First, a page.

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Sony QX100 hero (1024px)
Sony QX100 hero (1024px)

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A camera for your cameraphone: Sony Cyber-shot QX10 and QX100 review

Celebrity sightings are a rite of passage in New York City, and there are famous people everywhere. Yet in all my time here, the best I’d done was the empty Gotham PD cars strewn all over Wall Street between Dark Knight takes. But in the last two weeks, my luck changed.

First I saw Paul Rudd, walking in cargo shorts and a very baggy white T-shirt. Then, not 48 hours later, a scruffy Paul Giamatti walked past me on the street holding hands with his son. In both cases, I knew I had to take a picture — you’re not really a New Yorker until you’ve failed to play it super cool passing an A-list celebrity. So I reached into my pocket, and pulled out my phone. Then I reached into my bag for the Sony Cyber-shot QX100.

The $499 QX100, and its cheaper sibling, the $249 QX10, were made for this moment. They’re designed to be companions to your smartphone, offering a huge boost in image quality along with all the sharing and editing features you already use on your phone. They connect to any Android or iOS device — finally, a decent way to take pictures with your iPad — and promise the best of both a point-and-shoot and a cellphone. They look like lenses, and act like cameras.

This was my Instagram moment, I could feel it.

Ready, aim

Ready, aim

The QX10 and QX100 are more than they seem. These matte black plastic cylinders aren’t just lenses, extensions of the round hole on the back of your smartphone; they’re cameras. Slot a microSD card into either the QX10 or the QX100, and you don’t technically need your smartphone at all — the only thing these full-fledged point-and-shoot cameras are missing is a viewfinder.

ONE PART REAL CAMERA, TWO PARTS SMARTPHONE ACCESSORYImg_3522-555px

The QX10 is the smaller of the duo, 2.5 inches in diameter and a little more than an inch tall — at about 6 ounces fully loaded, it drops perfectly into a jacket pocket. The QX100 is about twice as tall and a couple of ounces heavier, but in some ways it’s actually easier to use. My fingers often curled around the front of the QX10, and would occasionally get in the way of my shot, but the QX100 could fit my entire hand comfortably. Both devices are sturdy and durable, capable of surviving their share of dings and drops.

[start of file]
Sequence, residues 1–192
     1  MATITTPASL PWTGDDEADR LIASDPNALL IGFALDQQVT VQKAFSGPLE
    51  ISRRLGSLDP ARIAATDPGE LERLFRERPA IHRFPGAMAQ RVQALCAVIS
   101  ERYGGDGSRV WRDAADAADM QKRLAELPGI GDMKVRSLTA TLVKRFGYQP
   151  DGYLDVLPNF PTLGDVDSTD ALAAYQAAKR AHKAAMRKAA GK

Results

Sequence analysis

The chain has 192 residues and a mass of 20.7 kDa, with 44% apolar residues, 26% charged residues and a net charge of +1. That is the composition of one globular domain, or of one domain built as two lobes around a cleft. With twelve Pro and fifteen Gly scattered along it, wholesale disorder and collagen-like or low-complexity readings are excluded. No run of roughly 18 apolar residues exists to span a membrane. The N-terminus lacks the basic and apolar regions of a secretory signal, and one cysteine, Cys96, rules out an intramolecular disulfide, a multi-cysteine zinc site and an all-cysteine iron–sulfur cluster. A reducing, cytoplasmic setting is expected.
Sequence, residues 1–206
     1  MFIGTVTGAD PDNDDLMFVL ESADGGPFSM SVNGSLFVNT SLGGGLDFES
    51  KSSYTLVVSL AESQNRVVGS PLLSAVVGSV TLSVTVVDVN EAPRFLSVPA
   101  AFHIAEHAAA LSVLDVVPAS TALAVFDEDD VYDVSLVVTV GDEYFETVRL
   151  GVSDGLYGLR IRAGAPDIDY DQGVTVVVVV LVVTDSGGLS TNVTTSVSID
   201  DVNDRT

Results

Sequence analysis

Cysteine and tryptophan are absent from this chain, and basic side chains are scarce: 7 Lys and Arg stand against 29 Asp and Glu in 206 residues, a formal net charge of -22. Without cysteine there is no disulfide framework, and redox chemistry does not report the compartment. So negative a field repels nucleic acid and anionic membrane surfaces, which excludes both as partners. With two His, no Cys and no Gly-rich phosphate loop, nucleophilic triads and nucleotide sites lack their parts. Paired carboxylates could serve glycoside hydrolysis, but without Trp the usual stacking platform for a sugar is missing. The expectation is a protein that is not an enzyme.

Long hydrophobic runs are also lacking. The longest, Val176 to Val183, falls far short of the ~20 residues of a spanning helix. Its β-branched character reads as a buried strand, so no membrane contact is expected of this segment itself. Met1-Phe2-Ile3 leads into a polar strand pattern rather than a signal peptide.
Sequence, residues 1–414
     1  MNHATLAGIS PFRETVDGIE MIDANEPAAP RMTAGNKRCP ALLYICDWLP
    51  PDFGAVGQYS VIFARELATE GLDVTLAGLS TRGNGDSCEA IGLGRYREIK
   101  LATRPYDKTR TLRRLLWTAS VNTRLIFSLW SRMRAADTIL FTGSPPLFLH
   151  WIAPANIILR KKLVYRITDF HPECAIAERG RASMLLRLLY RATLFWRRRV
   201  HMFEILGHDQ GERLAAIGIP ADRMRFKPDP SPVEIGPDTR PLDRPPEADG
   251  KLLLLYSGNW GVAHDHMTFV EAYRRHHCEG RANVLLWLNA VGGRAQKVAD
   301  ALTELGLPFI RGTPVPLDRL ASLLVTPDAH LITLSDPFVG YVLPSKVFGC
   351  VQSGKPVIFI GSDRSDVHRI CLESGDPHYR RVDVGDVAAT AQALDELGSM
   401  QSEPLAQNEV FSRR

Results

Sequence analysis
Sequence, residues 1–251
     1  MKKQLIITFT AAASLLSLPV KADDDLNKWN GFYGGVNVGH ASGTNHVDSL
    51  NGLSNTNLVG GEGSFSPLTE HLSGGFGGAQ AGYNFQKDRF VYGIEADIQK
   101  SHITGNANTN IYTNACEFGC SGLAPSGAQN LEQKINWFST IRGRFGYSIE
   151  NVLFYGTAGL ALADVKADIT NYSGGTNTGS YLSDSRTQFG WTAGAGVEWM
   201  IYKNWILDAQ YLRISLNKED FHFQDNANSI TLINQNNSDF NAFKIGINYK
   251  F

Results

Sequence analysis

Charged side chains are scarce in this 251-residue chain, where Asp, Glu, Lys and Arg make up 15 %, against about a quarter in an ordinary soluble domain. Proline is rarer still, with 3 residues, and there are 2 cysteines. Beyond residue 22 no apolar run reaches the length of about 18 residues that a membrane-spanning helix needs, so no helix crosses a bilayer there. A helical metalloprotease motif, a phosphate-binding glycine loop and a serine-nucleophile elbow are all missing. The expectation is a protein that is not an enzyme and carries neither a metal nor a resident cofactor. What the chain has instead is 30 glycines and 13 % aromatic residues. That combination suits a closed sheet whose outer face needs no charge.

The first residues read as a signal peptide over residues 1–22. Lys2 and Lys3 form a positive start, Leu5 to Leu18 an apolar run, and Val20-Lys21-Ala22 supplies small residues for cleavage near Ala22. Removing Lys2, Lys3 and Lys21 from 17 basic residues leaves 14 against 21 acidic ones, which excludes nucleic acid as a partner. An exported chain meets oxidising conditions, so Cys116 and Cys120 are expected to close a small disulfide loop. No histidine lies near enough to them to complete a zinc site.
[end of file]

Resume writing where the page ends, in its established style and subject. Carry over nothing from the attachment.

Both cameras are fully self-sufficient — just point the lens at your subject, zoom in and out with the switch on the left side, press the shutter right next to it, and you’re done. There's even a tripod mount, if you need it, though if you're already carrying a tripod saving space is clearly not your greatest concern.

Shooting with just the lens is completely impractical. You can’t see what you’re shooting, and like with Google Glass I found I took a lot of photos in which my subjects appeared to have no heads or where the landscape was horribly slanted. It just feels weird, too, like you’re holding out a futuristic weapon that will engulf your subject and trap them in its tiny body.

But clamp the lens to the back of your smartphone with two teeth on the included detachable mount, and it starts to feel a bit more comfortable. With one hand on the right side of my phone and the other underneath the lens, my Moto X felt like a DSLR in my hands. The clamp worked with every phone I tried, from the Galaxy Mega down to the iPhone 4S, though they’re both most comfortable on a phone about the size of the HTC One.

Img_3519-555pxI don't have time to wait this long for my camera

The physical connection isn’t what really matters, though — it’s all about the software. When you use the lenses in conjunction with Sony’s PlayMemories Mobile app, your phone becomes the viewfinder, hard drive, and remote control for a much better camera than you’ve ever had on your smartphone.

There are two ways to connect the QX lenses to your phone. The easy way is NFC: on any phone that supports it, just tapping handset to lens will automatically connect the two devices. If you already have the PlayMemories Mobile app downloaded, it launches ready to shoot; if you haven’t downloaded it, you’re sent straight to the store to get it. The hard way, for any phone without NFC (notably the iPhone), is Wi-Fi — go into settings, connect arduously to the lens’s ad-hoc Wi-Fi network with an awkward alphanumeric password, then open PlayMemories Mobile and see if it took. It's this kind of clunky process, and the very same PlayMemories Mobile app, that makes Sony's Wi-Fi-enabled cameras hard to use. You're not gaining much by using a supposedly more phone-friendly device here — connecting the QX100 isn't much different from the RX100, or the NEX-6.

Either way, the process isn’t quick. It’s often 5 seconds, or even 10, before the app is open, connected, synced to the camera, and ready to take a picture. That, plus the 10 seconds it takes to clip the QX lens onto your phone in the first place, and the two or three you have to wait for every photo to transfer over Wi-Fi from lens to smartphone (more if you opt to transfer the full file instead of a 2-megapixel version), makes for a soul-crushingly slow experience. More importantly, it makes for a lot of missed shots: I wound up conspicuously following Rudd for about four blocks trying to get the Wi-Fi password right on my iPhone, and I missed Giamatti entirely. So much of a smartphone’s advantage is its speed and convenience, and Sony’s lenses undo that in really frustrating ways.

Of course, time isn’t always of the essence, and if you’re willing to do the work the QX lenses will provide you with pictures the likes of which you’ve never seen from a smartphone.

Img_3520-1024

Fire

Fire

QX10

The $250 QX10 buys you… about $250 worth of point-and-shoot camera. Its 1/2.3-inch sensor is standard for a compact camera, and its G lens is decidedly low-end — there’s similar glass in Sony’s new Xperia Z1. The biggest advantage here is also the primary reason to buy any point-and-shoot: the QX10’s 10x optical zoom gives it a versatility and usability that you simply can’t get from a cellphone camera, even one like the Lumia 1020.

Photos look good, but in many situations they’re not meaningfully better than what you’d get from an iPhone 5S, a Lumia 1020, or a Galaxy S4. Sharpness and focus accuracy are a cut above, but there are still some issues with white balance and dynamic range. Once it gets above about ISO 800, pictures start to get really noisy and soft. Using the QX10, you’re really getting the best smartphone camera you could ask for — but not something utterly on another level like the QX100.